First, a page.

Patriarchy is a gender arrangement that is characterized by men’s domination of women in all or most aspects of society.  It emphasizes the essentialist nature of gender and gender roles.  It is built upon the idea that roles for men and women are fundamentally set and clear.  In most societies maleness is the norm and femaleness becomes the other (Fleay, 2018).  Patriarchy also reinforces gender as a binary, establishing rigid categories that, while evolving, are a cornerstone of most Western cultures.  “Patriarchy is essential to the understanding of gender inequality” (Johnson, 1997)

This is the context in which the Universal Declaration of Human Rights and the Covenants were developed.  Built upon theories of “natural rights” developed during the Enlightenment when rights were extended only to propertied white men, the documents reinforced ideas which existed in 1948 during the development of the declaration and later in 1966 with the two covenants.  Even the women involved in the development of the declaration likely held ideologies that emphasized men’s experiences as central.

Public vs. Private Sphere Debate

The separation of private and public spheres is evident throughout the development of human rights discourse.  The Universal Declaration of Human Rights reinforced these spheres with an emphasis on the importance of “family”.  While there is evidence of this throughout the document (for example, “human family” in the preamble), the most pronounced instances appear in Article 12 and 16 (Universal Declaration of Human Rights, 1948).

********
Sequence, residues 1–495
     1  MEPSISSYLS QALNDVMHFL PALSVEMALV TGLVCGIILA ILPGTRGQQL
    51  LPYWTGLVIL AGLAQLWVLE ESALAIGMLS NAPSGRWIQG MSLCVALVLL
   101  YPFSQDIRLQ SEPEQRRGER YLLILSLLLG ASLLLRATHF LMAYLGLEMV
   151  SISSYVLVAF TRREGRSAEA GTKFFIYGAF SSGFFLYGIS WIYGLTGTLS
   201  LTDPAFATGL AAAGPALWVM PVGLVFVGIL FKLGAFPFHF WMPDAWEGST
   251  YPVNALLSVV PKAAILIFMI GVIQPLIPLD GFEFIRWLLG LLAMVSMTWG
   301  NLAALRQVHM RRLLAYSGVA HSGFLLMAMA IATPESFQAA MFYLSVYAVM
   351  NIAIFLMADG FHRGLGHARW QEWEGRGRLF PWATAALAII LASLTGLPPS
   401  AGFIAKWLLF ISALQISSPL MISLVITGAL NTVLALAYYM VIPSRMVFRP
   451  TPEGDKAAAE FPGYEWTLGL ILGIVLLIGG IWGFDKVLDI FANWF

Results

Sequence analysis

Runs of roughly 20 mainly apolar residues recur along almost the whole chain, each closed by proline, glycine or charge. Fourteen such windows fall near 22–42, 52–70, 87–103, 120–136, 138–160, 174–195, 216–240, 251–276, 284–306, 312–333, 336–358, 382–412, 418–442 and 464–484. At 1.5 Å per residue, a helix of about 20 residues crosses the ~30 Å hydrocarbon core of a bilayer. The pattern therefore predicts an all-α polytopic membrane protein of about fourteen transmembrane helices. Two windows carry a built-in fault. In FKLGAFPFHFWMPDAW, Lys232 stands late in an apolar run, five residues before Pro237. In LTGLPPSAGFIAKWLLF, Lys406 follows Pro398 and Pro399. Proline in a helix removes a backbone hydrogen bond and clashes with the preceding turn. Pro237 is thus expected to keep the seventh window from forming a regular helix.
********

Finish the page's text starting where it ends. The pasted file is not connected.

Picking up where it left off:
Article 12 states that “No one shall be subjected to arbitrary interference with his privacy, family, home or correspondence…. Everyone has the right to the protection of the law against such interference or attacks.” (Universal Declaration of Human Rights, 1948).  For most women around the world, the private sphere, including home and family, is the environment where they are the most likely to experience human rights abuses.  The U.N. notes that 1 in 3 women will experience some form of intimate violence and less than 40% of the worlds women have been able to access help or support (United Nations Department of Economic and Social Affairs, 2015).  In “Feminist Analysis of Human Rights Law” Shazia Qureshi recounts Engles’ references to the precarious conditions of women’s lives, and quotes “most feminists view the private sphere as the ‘locus of women’s oppression’” (Qureshi, 2012). (Engle, n.d.).  This “bifurcation” of spheres, makes the private sphere virtually untouchable by the state, providing few remedies for women in their own homes.